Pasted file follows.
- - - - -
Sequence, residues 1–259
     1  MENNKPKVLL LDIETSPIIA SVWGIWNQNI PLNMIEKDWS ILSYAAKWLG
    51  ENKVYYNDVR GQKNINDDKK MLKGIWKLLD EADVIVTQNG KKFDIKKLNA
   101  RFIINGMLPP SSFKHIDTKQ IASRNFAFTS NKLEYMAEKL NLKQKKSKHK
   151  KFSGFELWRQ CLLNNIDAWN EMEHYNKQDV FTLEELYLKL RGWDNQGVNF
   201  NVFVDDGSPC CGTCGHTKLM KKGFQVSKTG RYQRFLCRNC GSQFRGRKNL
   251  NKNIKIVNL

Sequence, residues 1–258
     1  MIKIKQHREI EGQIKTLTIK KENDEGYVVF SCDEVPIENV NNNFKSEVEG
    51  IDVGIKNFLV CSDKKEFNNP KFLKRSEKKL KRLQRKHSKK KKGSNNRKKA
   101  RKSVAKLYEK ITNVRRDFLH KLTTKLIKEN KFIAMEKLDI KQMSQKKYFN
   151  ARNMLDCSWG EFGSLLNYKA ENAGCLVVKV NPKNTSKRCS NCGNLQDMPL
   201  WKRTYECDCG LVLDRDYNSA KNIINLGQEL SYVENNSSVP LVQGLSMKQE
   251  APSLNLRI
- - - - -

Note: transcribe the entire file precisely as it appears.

Sequence, residues 1–259
     1  MENNKPKVLL LDIETSPIIA SVWGIWNQNI PLNMIEKDWS ILSYAAKWLG
    51  ENKVYYNDVR GQKNINDDKK MLKGIWKLLD EADVIVTQNG KKFDIKKLNA
   101  RFIINGMLPP SSFKHIDTKQ IASRNFAFTS NKLEYMAEKL NLKQKKSKHK
   151  KFSGFELWRQ CLLNNIDAWN EMEHYNKQDV FTLEELYLKL RGWDNQGVNF
   201  NVFVDDGSPC CGTCGHTKLM KKGFQVSKTG RYQRFLCRNC GSQFRGRKNL
   251  NKNIKIVNL

Sequence, residues 1–258
     1  MIKIKQHREI EGQIKTLTIK KENDEGYVVF SCDEVPIENV NNNFKSEVEG
    51  IDVGIKNFLV CSDKKEFNNP KFLKRSEKKL KRLQRKHSKK KKGSNNRKKA
   101  RKSVAKLYEK ITNVRRDFLH KLTTKLIKEN KFIAMEKLDI KQMSQKKYFN
   151  ARNMLDCSWG EFGSLLNYKA ENAGCLVVKV NPKNTSKRCS NCGNLQDMPL
   201  WKRTYECDCG LVLDRDYNSA KNIINLGQEL SYVENNSSVP LVQGLSMKQE
   251  APSLNLRI